At the same time, we should remind ourselves that cultures aren’t static and monolithic. There is no such thing as ‘Indian culture’, for example, there are many Indian cultures, all in flux. A 2013 article in the Indian Journal of Psychiatry calls for the ‘Indianization of psychiatry’ to take account of cultural differences such as the greater emphasis on traditional family structures. Fine – but Indian therapists also tell me of the stress and suffering caused to some Indian women by the traditional understanding that their role is entirely to support their husband and his family. Therapy can help people not just adjust to traditional roles, but also help them evolve into new roles, new identities, a new place in society.

Working with local spiritual healers

A second way that medical humanities researchers can help to bridge the cultural gap between non-western cultures and western psychiatry / psychotherapy is by working with local religious and spiritual leaders, facilitating dialogues of mutual respect to work together.

Aaron Beck, one of the inventors of CBT, with the Dalai Lama, who has spoken about the close similarity between CBT and Buddhism’s theories of the emotions

At my university, Queen Mary University of London, a team of psychiatrists are working with local Muslim spiritual healers, to try and improve relationships with a community that has traditionally been very wary of psychiatry. The latest issue of the WHO’s Panorama magazine has an article on psychiatrists working with Kyrgyz spiritual healers. In India, I think it would help to work with local spiritual leaders like Sadhguru, the best-selling yogi who regularly speaks on yoga as a means to mental health. We already know how fruitful the dialogue has been between western psychiatrists and psychologists and the Dalai Lama – it has helped western psychotherapy advance.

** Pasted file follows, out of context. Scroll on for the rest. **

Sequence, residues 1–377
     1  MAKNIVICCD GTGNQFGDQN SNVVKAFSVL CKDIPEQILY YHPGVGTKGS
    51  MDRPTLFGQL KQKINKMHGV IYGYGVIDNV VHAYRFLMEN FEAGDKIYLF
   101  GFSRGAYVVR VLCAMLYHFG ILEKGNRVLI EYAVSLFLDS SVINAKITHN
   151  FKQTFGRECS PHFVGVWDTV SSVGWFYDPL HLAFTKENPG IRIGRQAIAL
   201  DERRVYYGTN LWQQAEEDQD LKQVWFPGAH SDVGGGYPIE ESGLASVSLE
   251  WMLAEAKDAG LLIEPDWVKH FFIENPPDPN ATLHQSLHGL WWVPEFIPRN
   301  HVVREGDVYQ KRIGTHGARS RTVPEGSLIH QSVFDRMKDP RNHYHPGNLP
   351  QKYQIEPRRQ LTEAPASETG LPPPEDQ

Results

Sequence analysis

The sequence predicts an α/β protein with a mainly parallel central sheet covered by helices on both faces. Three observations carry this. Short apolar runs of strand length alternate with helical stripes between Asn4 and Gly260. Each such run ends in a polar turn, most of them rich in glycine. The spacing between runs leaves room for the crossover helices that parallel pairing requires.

Finally, I think technology has a role to play in improving global mental health. Governments are spending far too little on mental health services, and should be encouraged to spend more. But could the WHO or other organizations like the Wellcome Trust help to develop apps, websites and online courses, in local languages and local cultural terms, to disseminate basic therapeutic ideas and techniques? It would not be enough, but it would be something. And it would be cheap. 

I’m working with the WHO on a project called the Cultural Contexts of Health. Find out more about it here.